46.In the context of macroeconomic stabilisation, Guntram Wolff thought that the aim should be “very much about coordination of these national fiscal policies and we need to step that up, improve it, and get a more symmetric notion there that considers the areawide fiscal stance.” He considered, though, that the sum of national fiscal policies needed to be right for both the eurozone and individual Member States.
47.National fiscal policies have spillover effects on other Member States. In establishing a fiscal stance for the eurozone it is important to take into account the particular conditions of each Member State. Just as there may be between regions within particular countries, there may be a tension, in perception or reality, between what appears to be the right fiscal and monetary stance for the eurozone as a whole and what is right for individual Member States, at least in the short term. The effectiveness of this attempt at coordination will ultimately depend on political will at Member State level.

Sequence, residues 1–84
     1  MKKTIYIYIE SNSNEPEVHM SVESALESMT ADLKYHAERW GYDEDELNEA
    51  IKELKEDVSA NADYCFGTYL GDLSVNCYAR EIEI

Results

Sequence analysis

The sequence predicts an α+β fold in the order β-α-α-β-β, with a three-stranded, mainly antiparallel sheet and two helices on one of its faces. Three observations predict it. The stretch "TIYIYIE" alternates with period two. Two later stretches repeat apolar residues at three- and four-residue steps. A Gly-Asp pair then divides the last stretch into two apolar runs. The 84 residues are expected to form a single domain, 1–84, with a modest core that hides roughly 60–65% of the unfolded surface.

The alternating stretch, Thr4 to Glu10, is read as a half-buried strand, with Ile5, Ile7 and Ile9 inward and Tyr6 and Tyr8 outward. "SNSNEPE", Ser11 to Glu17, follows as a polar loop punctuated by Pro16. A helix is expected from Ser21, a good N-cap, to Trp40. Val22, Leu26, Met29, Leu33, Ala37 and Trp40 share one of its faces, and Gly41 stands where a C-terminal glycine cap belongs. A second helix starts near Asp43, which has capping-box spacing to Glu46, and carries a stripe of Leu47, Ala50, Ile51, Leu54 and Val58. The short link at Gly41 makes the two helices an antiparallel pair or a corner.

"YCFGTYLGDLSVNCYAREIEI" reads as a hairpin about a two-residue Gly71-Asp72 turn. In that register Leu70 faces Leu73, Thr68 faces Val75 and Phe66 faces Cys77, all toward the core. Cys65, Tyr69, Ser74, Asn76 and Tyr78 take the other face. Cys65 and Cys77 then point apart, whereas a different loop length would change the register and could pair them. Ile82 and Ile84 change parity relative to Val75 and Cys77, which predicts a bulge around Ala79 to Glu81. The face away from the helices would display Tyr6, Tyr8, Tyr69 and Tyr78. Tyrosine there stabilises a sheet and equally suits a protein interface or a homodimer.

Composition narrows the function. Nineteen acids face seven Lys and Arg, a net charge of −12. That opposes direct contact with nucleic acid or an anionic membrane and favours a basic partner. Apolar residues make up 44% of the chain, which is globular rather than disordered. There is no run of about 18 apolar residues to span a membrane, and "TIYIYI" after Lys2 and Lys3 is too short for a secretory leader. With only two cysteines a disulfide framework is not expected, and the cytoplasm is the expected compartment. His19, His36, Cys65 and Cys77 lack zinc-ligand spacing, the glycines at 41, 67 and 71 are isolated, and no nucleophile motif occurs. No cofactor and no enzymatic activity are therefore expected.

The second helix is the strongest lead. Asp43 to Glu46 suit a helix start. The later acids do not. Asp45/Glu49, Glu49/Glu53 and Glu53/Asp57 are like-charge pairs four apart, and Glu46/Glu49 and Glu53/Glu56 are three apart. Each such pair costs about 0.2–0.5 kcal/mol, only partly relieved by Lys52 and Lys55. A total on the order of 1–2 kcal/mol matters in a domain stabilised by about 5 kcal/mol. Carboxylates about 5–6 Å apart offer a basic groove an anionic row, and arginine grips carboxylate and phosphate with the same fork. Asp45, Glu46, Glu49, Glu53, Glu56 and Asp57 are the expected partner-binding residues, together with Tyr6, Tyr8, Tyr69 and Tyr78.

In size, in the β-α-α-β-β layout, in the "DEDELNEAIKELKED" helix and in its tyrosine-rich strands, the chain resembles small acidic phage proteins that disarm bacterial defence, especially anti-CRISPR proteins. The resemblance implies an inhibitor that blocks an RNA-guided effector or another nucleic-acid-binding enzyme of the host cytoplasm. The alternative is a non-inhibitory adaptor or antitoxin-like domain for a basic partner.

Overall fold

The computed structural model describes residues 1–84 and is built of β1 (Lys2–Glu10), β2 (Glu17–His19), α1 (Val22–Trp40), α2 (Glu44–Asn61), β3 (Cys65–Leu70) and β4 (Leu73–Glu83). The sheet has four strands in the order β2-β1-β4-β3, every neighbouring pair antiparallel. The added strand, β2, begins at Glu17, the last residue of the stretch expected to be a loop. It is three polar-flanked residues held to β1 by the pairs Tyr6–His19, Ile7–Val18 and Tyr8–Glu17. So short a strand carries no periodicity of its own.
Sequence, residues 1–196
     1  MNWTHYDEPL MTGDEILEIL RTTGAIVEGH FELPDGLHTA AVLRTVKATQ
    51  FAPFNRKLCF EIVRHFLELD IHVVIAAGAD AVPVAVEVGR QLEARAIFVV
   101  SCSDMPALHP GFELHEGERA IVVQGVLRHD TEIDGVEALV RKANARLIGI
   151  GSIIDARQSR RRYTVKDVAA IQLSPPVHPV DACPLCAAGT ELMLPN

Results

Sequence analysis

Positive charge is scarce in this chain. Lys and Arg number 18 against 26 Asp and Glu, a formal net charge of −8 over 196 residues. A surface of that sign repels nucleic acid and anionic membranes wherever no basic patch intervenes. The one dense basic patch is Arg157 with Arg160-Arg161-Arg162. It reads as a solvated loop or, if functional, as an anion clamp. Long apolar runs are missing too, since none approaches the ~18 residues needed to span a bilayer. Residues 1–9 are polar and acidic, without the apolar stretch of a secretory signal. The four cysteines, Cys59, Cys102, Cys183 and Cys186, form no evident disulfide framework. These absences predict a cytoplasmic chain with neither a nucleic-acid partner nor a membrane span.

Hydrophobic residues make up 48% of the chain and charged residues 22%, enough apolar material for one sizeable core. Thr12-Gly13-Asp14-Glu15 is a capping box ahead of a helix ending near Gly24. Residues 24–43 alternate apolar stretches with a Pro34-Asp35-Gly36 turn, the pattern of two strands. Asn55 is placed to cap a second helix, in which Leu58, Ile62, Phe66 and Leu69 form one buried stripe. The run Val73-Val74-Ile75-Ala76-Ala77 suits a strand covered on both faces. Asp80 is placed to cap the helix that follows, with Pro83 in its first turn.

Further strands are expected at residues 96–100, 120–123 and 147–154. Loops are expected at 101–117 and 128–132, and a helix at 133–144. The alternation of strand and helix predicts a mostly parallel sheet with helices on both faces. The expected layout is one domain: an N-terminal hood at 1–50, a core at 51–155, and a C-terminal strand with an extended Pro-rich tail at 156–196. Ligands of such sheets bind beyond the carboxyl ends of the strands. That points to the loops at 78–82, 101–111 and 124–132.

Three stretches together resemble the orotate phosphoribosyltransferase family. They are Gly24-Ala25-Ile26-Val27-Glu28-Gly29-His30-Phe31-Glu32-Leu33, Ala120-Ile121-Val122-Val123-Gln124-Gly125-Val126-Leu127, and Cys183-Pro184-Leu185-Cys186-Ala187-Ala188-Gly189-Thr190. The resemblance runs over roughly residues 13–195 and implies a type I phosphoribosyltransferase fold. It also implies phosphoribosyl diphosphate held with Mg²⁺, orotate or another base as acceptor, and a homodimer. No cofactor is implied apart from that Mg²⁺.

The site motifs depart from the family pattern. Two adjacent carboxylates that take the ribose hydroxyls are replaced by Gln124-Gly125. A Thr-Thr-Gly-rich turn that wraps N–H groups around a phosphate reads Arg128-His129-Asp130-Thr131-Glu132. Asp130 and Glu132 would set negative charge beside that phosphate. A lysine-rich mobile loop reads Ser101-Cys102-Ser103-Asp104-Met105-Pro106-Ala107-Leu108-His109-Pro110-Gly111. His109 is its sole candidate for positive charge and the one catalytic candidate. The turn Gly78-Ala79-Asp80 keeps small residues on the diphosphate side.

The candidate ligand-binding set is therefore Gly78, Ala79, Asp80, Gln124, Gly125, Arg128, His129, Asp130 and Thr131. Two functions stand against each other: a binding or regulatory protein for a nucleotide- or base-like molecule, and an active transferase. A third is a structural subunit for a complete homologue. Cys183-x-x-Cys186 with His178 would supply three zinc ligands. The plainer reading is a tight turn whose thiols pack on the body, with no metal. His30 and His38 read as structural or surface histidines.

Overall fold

48.The Five Presidents’ Report proposed the creation of an advisory European Fiscal Board to enhance the current governance framework. This was followed on 21 October 2015 by a Commission Decision to establish the board and set out its tasks. These are described in Box 4.
The Board’s tasks include providing the Commission with an evaluation of “the implementation of the Union fiscal framework”, and of “the appropriateness of the actual fiscal stance at euro area and national level.” The Commission Decision states that “in this evaluation, the Board may also make suggestions for the future evolution of the Union fiscal framework.” It continues: